Living in public housing wasn’t something Keishanna Hughes planned, but with four small children and skyrocketing rent there was little choice. She was placed in the city’s largest housing project, Beecher Terrace, a 760-unit complex near downtown.
Not long after moving in, however, she was pleading with her landlord to let her break the lease.
“They moved me in a bad area,” she says. “There were teddy bears in the yard next door for somebody who just got killed. Every day they were having dice games. There was always something going on.”
A drug dealer set up shop on her front porch and when she complained, he brandished a pistol, saying, “Girls are going on T-shirts too.” The implication was that she might end up pictured on a piece of clothing with R.I.P. air-brushed across the top, a ubiquitous memorial following a homicide.
Fearful and traumatized, she asked for an immediate transfer to another complex, and soon she was relocated to an apartment in the smaller Sheppard Square housing project in Smoketown. It was a nice block that residents refer to as “Melrose Place” because it is relatively peaceful.
It’s now been five years since Hughes moved into Sheppard Square and she hasn’t experienced any trouble like she did at Beecher. The young mother works across the street as an administrative assistant at the Presbyterian Community Center, where her children take part in the center’s after-school programs.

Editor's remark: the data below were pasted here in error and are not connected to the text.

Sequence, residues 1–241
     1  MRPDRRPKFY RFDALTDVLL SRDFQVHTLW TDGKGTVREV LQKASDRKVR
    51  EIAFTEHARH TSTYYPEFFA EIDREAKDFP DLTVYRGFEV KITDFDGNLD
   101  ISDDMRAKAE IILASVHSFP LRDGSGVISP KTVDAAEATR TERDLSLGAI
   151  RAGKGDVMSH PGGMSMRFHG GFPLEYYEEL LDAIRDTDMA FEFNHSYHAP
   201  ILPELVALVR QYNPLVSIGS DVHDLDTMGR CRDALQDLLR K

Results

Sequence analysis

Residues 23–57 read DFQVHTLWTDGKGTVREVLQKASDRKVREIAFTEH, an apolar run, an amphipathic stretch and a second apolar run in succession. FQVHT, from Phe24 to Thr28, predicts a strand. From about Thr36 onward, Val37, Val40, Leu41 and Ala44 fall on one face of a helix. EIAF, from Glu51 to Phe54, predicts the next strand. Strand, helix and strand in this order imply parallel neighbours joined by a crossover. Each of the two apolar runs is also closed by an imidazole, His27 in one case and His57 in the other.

“I love this community,” she says. “It’s totally different from any I have lived in.”
And so she is devastated by news that the city is seeking a $20 million federal grant to raze the historic housing complex and redevelop it into a mixed-income neighborhood.
If successful, this will be the city’s third public housing project razed with funds from the Hope VI program, which is meant to break up pockets of poverty by demolishing old barracks-style facilities.
For Sheppard Square residents, feelings are mixed following the city’s recent announcement. The split contingents agree the deteriorating facade needs improvements and various social ills plague the area, but there’s disagreement over whether tearing down the oldest African-American housing complex and scattering residents across the city is the best solution.
“Honestly, I don’t like it,” says resident Fred Campbell, who helped organize the Smoketown Softball League. “People are scared of losing their homes. If you’re being uprooted and told you have to move then you’re fearful. The city planners will do what they have to do, but Sheppard Square has always been a good place.”
On a recent afternoon visit to the complex, however, one resident who asked not to be named made her views clear: “I say tear the motherfucker down, and I say start on this end.” Several women sitting alongside her on the concrete porch nodded in agreement.
In past public housing redevelopment projects, the city has allowed only a portion of newly constructed housing to go toward rent-assisted units, meaning many low-income residents would have to relocate. The idea is to disperse clusters of impoverished residents.